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  • Missouri University of Science and Technology

Oct 19th

Optimum Design of Cold Formed Steel Residential Roof Trusses

L. Xu

H. Min

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Recommended Citation

Xu, L. and Min, H., "Optimum Design of Cold Formed Steel Residential Roof Trusses" (2000). International Specialty Conference on Cold-Formed Steel Structures. 4.

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Fifteenth International Specialty Conference on Cold-Formed Steel Structures St. Louis, Missouri U.S.A., October 19-20,2000

OPTIMUM DESIGN OF COLD FORMED STEEL RESIDENTIAL ROOF TRUSSES

L. Xu!, H. Min 2 and R.M. Schuster 3

SUMMARY

A computer-based optimal design approach for residential roof trusses using cold-formed steel C-sections is presented. The truss design is based on CSA S136-94 and the truss design guide published by the American Iron and Steel Institute and the Canadian Sheet Steel Building Institute. A genetic algorithm was adopted to obtain the minimum cost design with consideration to truss topology and member size simultaneously. The presented design examples demonstrate the applicability and efficiency ofthe proposed approach.

INTRODUCTION

Cold-formed steel has been extensively used in residential construction in North America in recent years. With a high strength-to-weight ratio, cost-effective, non-combustible, fully recyclable, durable and dimensionally stable cold-formed steel framing results in better performance as the primary structural system in residential construction, particularly in high wind and seismic regions. Because of the superior strength of cold-formed steel, cold-formed steel trusses will be able to provide economical options, such as large clear-spans and raised or cathedral ceilings, that may not always be economically feasible with wood trusses. Steel trusses also have great advantages in speeding up the construction process and reducing labour costs, since the light-weight of cold-formed steel makes such trusses much simpler to erect in comparison to wood trusses. As an alternative material to conventional wood truss construction, cold-formed steel trusses for residential roof systems capitalize on the many inherent benefits of steel and have great potential in both residential and commercial construction.

In the U.S., the use of cold-formed steel in residential construction is becoming increasingly

  • 1 Assistant Professor of Structural Engineering, Department of Civil Engineering, University of Waterloo, Waterloo, Ontario, Canada, N2L 3Gl

  • 2 Graduate research assistant, Department of Civil Engineering, University of Waterloo

  • 3 Professor of Structural Engineering, Department of Civil Engineering and School of Architecture, University of Waterloo

393

395

3. The connection strength verification and reduction of cross-section properties due to coping have not been considered in the design optimization process in this research.

Chord-to-Chord Connections: The chord-to-chord connections at the heel and ridge in practice are commonly made in a similar way with one flange or both flanges of the chord members being coped and fastened through the web overlapping as shown in Figure 2.

395 3. The connection strength verification and reduction of cross-section properties due to coping have not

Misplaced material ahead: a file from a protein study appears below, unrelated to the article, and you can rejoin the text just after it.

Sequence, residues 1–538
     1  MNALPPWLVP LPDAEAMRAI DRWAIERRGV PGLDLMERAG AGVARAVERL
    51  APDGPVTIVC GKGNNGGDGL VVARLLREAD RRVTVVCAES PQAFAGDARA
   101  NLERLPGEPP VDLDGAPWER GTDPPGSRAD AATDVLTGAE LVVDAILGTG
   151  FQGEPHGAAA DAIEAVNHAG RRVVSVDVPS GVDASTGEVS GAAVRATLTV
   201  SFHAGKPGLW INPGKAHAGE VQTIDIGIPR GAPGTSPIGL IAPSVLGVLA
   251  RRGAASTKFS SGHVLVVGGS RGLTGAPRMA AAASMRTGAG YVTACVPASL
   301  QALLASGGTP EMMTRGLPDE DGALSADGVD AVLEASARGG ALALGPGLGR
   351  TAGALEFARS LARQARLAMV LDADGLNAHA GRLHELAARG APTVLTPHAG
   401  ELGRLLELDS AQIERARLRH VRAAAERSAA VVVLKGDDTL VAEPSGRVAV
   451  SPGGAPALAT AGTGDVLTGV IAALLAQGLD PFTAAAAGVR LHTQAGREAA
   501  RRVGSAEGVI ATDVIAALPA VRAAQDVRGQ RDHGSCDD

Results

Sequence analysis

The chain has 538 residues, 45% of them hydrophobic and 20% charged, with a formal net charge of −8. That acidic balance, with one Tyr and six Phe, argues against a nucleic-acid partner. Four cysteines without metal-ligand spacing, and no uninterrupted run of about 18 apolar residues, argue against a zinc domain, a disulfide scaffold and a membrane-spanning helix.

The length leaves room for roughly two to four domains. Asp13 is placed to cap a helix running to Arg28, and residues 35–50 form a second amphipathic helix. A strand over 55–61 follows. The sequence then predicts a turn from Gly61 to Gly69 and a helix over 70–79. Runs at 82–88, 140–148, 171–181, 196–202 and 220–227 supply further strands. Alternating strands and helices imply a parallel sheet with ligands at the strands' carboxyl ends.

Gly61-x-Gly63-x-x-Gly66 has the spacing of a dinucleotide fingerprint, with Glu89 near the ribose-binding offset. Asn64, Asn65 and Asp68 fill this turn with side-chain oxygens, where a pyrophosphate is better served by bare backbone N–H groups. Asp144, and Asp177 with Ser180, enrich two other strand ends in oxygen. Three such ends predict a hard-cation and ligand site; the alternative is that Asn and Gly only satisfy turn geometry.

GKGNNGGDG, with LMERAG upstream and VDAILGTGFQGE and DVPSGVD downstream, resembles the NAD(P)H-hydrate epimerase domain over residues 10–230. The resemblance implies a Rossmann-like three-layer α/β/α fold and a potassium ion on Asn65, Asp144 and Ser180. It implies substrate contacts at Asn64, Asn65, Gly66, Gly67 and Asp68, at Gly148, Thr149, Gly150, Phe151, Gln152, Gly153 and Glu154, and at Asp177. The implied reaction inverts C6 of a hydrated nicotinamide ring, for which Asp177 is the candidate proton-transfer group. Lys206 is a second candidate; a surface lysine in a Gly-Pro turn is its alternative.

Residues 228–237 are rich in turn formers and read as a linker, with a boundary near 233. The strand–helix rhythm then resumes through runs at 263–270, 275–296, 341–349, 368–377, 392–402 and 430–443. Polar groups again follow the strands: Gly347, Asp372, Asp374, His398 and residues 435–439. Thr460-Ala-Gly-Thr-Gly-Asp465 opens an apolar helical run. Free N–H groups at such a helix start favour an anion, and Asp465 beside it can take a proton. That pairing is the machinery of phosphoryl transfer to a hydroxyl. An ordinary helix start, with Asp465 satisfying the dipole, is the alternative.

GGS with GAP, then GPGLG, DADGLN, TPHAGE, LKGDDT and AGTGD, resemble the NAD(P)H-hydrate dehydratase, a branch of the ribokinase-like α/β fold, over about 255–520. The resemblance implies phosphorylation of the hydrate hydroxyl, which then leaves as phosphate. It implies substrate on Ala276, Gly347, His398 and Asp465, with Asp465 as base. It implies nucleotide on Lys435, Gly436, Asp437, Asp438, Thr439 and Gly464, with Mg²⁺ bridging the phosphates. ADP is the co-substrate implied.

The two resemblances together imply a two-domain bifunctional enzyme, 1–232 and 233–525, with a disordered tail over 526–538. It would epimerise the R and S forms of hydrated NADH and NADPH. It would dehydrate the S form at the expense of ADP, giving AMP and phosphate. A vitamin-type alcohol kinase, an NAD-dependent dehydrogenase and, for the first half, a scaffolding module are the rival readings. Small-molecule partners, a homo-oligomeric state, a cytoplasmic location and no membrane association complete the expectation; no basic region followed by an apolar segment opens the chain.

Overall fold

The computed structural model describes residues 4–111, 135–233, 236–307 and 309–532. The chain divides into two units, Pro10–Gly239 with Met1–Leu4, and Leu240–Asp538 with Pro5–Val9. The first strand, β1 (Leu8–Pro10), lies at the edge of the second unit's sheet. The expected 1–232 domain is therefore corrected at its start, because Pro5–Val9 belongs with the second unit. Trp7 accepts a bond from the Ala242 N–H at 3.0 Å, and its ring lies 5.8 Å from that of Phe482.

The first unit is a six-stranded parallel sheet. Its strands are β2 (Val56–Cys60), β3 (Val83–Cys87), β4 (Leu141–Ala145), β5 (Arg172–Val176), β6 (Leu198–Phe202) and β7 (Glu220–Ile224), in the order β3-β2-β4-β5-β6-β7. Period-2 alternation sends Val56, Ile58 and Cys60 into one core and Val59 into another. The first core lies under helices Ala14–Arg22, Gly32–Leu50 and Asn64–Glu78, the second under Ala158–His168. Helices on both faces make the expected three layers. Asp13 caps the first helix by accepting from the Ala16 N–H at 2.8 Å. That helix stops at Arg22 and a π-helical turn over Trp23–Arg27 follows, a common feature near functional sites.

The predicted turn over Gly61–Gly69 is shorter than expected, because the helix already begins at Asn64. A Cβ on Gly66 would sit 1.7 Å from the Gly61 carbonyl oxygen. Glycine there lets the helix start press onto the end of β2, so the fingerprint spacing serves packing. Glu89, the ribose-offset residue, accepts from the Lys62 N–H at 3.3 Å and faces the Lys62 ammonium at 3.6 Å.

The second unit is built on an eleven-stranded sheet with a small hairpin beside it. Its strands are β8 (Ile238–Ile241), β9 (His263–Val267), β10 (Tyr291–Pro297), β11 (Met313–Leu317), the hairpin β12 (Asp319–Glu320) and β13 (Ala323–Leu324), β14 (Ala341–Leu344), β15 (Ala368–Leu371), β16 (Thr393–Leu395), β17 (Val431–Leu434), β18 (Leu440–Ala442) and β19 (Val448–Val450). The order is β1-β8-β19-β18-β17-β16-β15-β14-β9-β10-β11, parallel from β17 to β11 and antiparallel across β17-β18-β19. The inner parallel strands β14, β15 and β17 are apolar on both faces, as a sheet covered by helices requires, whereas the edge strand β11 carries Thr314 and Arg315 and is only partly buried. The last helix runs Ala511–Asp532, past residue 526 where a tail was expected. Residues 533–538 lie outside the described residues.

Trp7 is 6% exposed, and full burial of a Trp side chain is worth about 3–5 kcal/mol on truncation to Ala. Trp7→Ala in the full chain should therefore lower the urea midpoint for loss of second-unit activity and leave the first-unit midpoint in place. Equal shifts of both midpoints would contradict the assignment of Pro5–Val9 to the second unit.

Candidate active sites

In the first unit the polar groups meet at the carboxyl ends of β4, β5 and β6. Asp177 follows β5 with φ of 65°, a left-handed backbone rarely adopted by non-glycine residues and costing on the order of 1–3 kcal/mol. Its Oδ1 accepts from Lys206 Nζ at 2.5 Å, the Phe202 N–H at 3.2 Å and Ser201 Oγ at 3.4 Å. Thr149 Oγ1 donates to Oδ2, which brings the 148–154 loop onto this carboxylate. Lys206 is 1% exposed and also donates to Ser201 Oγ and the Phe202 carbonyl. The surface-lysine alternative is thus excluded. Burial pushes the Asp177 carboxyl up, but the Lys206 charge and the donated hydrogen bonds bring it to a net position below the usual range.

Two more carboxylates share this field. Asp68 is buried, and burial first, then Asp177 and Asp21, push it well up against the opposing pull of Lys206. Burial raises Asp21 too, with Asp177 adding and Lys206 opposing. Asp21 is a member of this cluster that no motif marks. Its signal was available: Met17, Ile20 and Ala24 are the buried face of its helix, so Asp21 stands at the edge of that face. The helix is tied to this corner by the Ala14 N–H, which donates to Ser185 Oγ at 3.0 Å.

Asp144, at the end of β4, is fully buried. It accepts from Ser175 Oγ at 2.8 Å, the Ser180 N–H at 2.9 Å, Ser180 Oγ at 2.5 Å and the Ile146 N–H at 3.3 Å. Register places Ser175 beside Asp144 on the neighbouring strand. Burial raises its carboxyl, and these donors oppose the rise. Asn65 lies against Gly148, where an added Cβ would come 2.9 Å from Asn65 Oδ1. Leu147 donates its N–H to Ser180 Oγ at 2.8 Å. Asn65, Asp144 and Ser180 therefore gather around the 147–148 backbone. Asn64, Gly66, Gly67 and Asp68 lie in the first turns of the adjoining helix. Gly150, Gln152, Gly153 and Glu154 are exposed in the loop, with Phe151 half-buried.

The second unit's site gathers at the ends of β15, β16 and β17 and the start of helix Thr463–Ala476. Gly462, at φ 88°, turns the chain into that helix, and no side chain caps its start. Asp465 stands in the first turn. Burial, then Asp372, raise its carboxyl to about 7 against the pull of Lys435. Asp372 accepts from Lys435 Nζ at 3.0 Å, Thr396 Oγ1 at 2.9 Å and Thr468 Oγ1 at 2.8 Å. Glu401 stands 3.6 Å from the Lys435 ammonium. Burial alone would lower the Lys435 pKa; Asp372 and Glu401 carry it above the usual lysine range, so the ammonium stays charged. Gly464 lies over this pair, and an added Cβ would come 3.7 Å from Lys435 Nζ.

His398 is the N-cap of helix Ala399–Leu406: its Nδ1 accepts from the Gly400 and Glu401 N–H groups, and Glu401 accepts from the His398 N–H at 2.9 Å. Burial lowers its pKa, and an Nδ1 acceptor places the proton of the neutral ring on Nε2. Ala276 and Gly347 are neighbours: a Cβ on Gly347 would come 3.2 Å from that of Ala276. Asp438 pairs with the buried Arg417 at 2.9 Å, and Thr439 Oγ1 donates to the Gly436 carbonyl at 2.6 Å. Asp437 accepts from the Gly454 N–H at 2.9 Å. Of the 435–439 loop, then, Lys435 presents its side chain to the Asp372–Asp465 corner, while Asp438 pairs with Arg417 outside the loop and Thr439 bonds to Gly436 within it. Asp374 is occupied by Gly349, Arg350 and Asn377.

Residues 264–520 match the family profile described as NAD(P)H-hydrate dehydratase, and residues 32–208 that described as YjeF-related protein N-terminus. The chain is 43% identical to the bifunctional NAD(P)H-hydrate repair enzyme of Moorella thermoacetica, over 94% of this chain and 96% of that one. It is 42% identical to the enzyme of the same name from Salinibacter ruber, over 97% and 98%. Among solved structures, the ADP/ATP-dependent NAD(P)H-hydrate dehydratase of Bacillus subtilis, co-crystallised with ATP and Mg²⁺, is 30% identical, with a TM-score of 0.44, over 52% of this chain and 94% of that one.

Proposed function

(a) Fink-l

395 3. The connection strength verification and reduction of cross-section properties due to coping have not

(c) Howe-l

395 3. The connection strength verification and reduction of cross-section properties due to coping have not

(b) Fink-2

395 3. The connection strength verification and reduction of cross-section properties due to coping have not

(d) Howe-2

395 3. The connection strength verification and reduction of cross-section properties due to coping have not

(e) Non-web Truss

Fignre 1: Trnss Types

395 3. The connection strength verification and reduction of cross-section properties due to coping have not

Ridge Connection

395 3. The connection strength verification and reduction of cross-section properties due to coping have not

Heel Connection

Fignre 2: Connection at Ridge and Heel

Web-to-Chord Connections: The two types of connections that were considered in this research are the back-to-back connections and in-plane cOlllections, as shown in Figure 3. The former is fastened directly through the web of the back-to-back C-section, while the latter requires a gusset plate. Although the back-to-back connection is more cost- effective from a fabrication point of view, which takes more space on a truck during shipping. The eccentricities ey which cause secondary bending about the weak axis of the web member are shown in Figure 3 for both connections. However, the eccentricity

396

which causes secondary bending about the strong axis of the web members due to the multiple web member connected to a chord at panel points was not considered in this research.

c.g. of Chord Members c.g.ofWeb Members (a) back-to-back connection
c.g. of
Chord
Members
c.g.ofWeb
Members
(a)
back-to-back connection
Top Chord----. (b) in-plane connection
Top
Chord----.
(b) in-plane connection

Fignre 3: Connection between Web and Chord Members Member Strength Verification

The truss member strength design was based on CSA S136-94 (CSA, 1994) and the Truss Design Guide (AISI, 1999; CSSBI, 1998). The member unbraced lengths about the strong, weak and torsional axes (Lx, Ly, Lt, respectively) and their associated effective length factors (Kx, Ky, K t ) are summarized in Table I.